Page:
Find the answer to your Linux question:
Results 1 to 5 of 5
Hi I don't quite know how to explain this problem, and I'm not too sure if it's in the right section of the forums, but I'll do my best. I'm ...
Enjoy an ad free experience by logging in. Not a member yet? Register.
  1. #1
    Just Joined!
    Join Date
    Jan 2008
    Posts
    3

    Unhappy 'Problems' in stl_vector and others while debugging


    Hi

    I don't quite know how to explain this problem, and I'm not too sure if it's in the right section of the forums, but I'll do my best. I'm using Kubuntu 9.04 and writing a small program to do some processing of some data. I've tried this with multiple IDEs (KDevelop 3.5.3 and Code:Blocks 8.0.2 with gdb 6.8.3). Programming in c++. Whenever I go into debugging it gets to the breakpoint I set perfectly fine.

    Here's where the problem comes in. When I press the button to step over to the next line in both IDEs, instead it goes into stl_vector and other libraries. At this point in KDevelop, an error pops up under the problems tab at the bottom suggesting syntax errors at various points in those libraries.

    The actual code runs fine and outputs what it should so far, but for later sections I'll need the debugger to check things are working ok. What's interesting is that it's only this code, any other project or code works fine. I tried making a new file and copying the code in but the same thing still happened.

    Does anyone have any ideas as to why this is happening or any ideas as to what I could do to get around this problem?

  2. #2
    Linux Guru Rubberman's Avatar
    Join Date
    Apr 2009
    Location
    I can be found either 40 miles west of Chicago, in Chicago, or in a galaxy far, far away.
    Posts
    11,754
    Have you tried debugging directly with gdb? The STL generates a huge amount of inline code that can confuse an IDE, so while you want to step over a line, hidden behind that are hundreds (possibly) of lines of inline code, so the IDE gets confused. Personally, I don't find that IDE's improve my productivity at all, whereas a really good programming editor does wonders, but then I'm just an old-fashioned sort of guy!
    Sometimes, real fast is almost as good as real time.
    Just remember, Semper Gumbi - always be flexible!

  3. #3
    Linux Guru Rubberman's Avatar
    Join Date
    Apr 2009
    Location
    I can be found either 40 miles west of Chicago, in Chicago, or in a galaxy far, far away.
    Posts
    11,754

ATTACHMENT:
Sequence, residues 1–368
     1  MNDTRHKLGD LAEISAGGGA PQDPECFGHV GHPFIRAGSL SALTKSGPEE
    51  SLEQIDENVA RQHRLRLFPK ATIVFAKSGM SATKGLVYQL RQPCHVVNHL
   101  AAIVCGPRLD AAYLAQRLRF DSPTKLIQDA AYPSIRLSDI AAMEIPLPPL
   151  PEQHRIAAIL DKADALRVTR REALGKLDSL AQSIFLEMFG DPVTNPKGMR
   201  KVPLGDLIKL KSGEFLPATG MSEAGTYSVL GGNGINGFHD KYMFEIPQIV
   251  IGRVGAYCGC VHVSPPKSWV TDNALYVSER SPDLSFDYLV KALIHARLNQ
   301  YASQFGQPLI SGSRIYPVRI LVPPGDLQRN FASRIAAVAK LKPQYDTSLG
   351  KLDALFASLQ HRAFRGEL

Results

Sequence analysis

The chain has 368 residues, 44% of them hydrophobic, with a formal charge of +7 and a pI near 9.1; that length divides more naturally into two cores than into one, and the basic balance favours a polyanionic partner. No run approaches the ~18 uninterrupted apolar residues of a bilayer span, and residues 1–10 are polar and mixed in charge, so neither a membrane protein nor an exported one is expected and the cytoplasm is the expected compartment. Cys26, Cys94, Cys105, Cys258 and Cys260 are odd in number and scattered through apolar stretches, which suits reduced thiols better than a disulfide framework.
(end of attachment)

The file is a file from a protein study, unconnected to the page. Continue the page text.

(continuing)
Also, the version of gcc, g++, gdb that you are using with your IDE may contribute to the problem. Which version of the gcc tool chain are you using?
    Sometimes, real fast is almost as good as real time.
    Just remember, Semper Gumbi - always be flexible!

  4. $spacer_open
    $spacer_close
  5. #4
    Just Joined!
    Join Date
    Jan 2008
    Posts
    3
    I'm not too sure what you mean by tool chain, but the version of gcc is 4.3.3. Presumably you meant something else?

    Just out of interest, what programming editor do you use?

  6. #5
    Linux Guru Rubberman's Avatar
    Join Date
    Apr 2009
    Location
    I can be found either 40 miles west of Chicago, in Chicago, or in a galaxy far, far away.
    Posts
    11,754
    GCC 4.3.3 is the information I was trying to get. The tool chain is the compiler suite, linker, debugger, and other tools used to build/debug/load applications and libraries. 4.3.x is fairly recent, but you might want to update to 4.4. The latest is 4.5.1, but that is pretty much bleading edge. I have a number of versions installed on my development system, including 4.5.1, but mostly I use 4.4 these days - it's stable and closely follows the current C/C++ standards.

    My personal favorite editor in a GUI environment is nedit. When I have to edit in a console environment then I use VIM. I've been using nedit since the late 80's. It was developed at Fermi National Laboratory in Illinois for the world-wide high-energy physics community who do a lot of software development. These are the same people who brought us the world-wide web, web browsers, and all the stuff we take for granted these days. I've run it on everything from embedded ARM computers to mainframe-class HP, DEC, and Sun clusters, and every PC operating system from QNX to Windows to Linux/Unix. Anyway, it is currently fully open source and hosted on SourceForge.net.
    Sometimes, real fast is almost as good as real time.
    Just remember, Semper Gumbi - always be flexible!

Posting Permissions

  • You may not post new threads
  • You may not post replies
  • You may not post attachments
  • You may not edit your posts
  •